But not every email is useful, and there are ways to help you cope with the ever-growing inbox of emails that you either don’t have time to read, don’t want to read or don’t understand.
Now that we can check and respond to emails on our mobile devices, we’re almost expected to have, at the very least, read every email we ever receive and respond to them quickly. And as slaves to email, we have needed to adjust how we use it in order to get through the barriers to our ‘urgent’ messages. Unfortunately, not all of these habits are effective, and as email is a digital medium, sometimes the message doesn’t get through.
With that in mind, here are nine of the most annoying email habits people use on a regular basis.
9. Urgent! Read me now!
We all want people to read our emails as soon as they get them, but not everyone has the time or the inclination to do so. When you type words like “URGENT”, “READ ME” and “FOR ACTION” in the subject line, you’re hoping to stress the importance of your email. According to Jacob Morgan, author of The Collaborative Organization: A Strategic Guide to Solving Your Internal Business Challenges Using Emerging Social and Collaborative Tools, people will think that you believe your email is more important than theirs or that you think very little of their time.
8. Capped off!
In written communication, there are many ways to emphasise a point and using ALL CAPS is one of them. Unfortunately, using ALL CAPS screams at you from the screen and is often perceived as forceful, arrogant and rude. The same applies with exclamation points. If you need to get your point across, use bolded words and not entire sentences, and one exclamation point is always enough.
7. Answering the wrong question
Often when we receive a group email we feel we are being helpful by answering a question posed to someone else. Mr Morgan says that doing this is “the online version of shouting out the answer without raising your hand”. While you might think you’re being helpful, others might feel that you’re undermining them.
6. Keep me in the loop. Always. Seriously. CC me now!
When people ask to be CCd on every email, they’re mitigating risks and hoping to avoid any problems that may slip through cracks. When confronted by this request, many employees feel they’re not trusted by their manager or team leader and lose confidence in their ability.
5. Editing a colleague’s email
Unless asked, never, ever do this. You may have lofty intentions and want to ensure any bit of correspondence that goes to management is clean, grammatically correct and well written, but the only thing you’re doing here is publicly shaming your co-worker, and now both they and your manager are aware of it.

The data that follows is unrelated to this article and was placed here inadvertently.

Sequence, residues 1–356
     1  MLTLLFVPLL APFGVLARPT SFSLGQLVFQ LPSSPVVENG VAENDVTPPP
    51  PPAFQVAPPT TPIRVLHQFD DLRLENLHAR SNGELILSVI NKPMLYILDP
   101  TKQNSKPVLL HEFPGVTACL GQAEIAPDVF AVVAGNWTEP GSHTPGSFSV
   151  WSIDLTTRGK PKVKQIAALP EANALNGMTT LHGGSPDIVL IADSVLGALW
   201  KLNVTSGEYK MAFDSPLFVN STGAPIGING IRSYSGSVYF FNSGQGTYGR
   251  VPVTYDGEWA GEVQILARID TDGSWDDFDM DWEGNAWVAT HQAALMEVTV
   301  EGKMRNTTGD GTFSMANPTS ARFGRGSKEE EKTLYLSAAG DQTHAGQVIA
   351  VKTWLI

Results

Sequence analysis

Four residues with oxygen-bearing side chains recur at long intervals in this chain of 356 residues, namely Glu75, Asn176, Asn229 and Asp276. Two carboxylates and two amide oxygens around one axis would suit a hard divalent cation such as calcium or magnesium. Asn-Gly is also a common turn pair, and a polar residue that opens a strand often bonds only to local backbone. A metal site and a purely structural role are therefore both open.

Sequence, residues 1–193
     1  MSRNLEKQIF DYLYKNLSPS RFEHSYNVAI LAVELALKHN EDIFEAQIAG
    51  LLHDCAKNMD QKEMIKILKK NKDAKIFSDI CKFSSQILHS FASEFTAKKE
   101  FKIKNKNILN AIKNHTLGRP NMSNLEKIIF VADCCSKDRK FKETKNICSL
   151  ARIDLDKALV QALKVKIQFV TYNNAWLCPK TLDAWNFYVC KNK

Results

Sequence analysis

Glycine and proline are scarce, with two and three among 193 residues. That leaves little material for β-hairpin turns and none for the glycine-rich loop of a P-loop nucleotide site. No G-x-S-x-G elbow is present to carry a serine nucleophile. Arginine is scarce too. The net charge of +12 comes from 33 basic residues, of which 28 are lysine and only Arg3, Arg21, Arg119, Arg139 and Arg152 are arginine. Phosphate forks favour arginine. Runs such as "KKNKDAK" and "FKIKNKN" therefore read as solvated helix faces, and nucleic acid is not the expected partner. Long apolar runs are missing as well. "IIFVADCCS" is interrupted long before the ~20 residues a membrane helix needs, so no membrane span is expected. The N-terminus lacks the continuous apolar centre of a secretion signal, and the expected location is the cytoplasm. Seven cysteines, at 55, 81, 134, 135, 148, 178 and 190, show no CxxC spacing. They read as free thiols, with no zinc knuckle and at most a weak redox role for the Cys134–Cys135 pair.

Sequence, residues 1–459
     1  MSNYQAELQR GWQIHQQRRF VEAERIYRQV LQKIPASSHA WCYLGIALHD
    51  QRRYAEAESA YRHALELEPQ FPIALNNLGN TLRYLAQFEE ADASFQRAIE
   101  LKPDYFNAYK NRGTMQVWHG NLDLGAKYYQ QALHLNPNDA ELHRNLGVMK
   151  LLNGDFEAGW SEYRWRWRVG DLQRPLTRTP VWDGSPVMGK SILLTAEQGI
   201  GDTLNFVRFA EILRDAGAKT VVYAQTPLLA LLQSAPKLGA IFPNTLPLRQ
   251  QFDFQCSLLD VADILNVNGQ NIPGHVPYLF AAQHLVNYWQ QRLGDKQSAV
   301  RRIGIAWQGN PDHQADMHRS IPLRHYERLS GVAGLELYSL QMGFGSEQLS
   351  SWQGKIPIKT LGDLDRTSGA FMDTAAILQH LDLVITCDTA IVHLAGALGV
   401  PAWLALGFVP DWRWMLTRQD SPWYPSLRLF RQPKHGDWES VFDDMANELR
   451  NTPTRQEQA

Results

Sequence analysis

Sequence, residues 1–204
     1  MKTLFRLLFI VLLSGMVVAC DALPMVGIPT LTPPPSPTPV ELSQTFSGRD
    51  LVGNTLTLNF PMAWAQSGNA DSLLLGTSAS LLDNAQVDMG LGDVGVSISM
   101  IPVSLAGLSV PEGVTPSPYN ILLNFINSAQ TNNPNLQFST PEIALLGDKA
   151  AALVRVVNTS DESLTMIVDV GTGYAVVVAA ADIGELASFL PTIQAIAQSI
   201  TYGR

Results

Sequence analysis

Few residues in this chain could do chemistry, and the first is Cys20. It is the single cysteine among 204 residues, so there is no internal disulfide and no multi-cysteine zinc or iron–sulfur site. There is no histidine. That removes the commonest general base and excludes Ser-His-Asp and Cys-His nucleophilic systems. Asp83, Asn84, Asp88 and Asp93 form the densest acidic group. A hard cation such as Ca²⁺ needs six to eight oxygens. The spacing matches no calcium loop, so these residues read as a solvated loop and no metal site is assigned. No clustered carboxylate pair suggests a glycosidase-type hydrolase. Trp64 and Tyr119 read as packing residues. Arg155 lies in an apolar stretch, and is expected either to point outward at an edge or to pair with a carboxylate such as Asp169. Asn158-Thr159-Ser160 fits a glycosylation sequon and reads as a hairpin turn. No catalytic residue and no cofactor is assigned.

4. CCing up the chain
This happens all the time in nearly every office, everywhere. You’re in the middle of an email exchange with a colleague and all of sudden a manager is CCd in, in the hope the issue will be resolved quicker. According to Mr Morgan, this type of behaviour generally has the opposite effect as the person doing the CCing will be seen as sneaky, conniving and out to make you look bad.
3. Hey, I just called to say, I emailed you
We’ve all done this and been on the receiving end of it at some point. There are few things more annoying than receiving a call by someone immediately after they email you. Following up shortly after an email makes you seem impatient and indifferent to whether the recipient has other more important matters at hand.
2. Waving the priority flag too often
When you use the high priority flag too often in emails, particularly when your email doesn’t have a deadline, it limits the chances of it being read. As Mr Morgan says, all you’re doing is sending a 'boy who cried wolf' message to your co-workers. If it doesn’t have a deadline, don’t make it look like it does.
1. Recycling old email chains
You want to make it easy for your colleagues to find your email so you just keep using the same email chain. All they have to do is search for your name right? Wrong! Mr Morgan says that people will perceive you as lazy and disorganised. “Start a new email chain with the appropriate subject line every time a new issue is being discussed,” he says.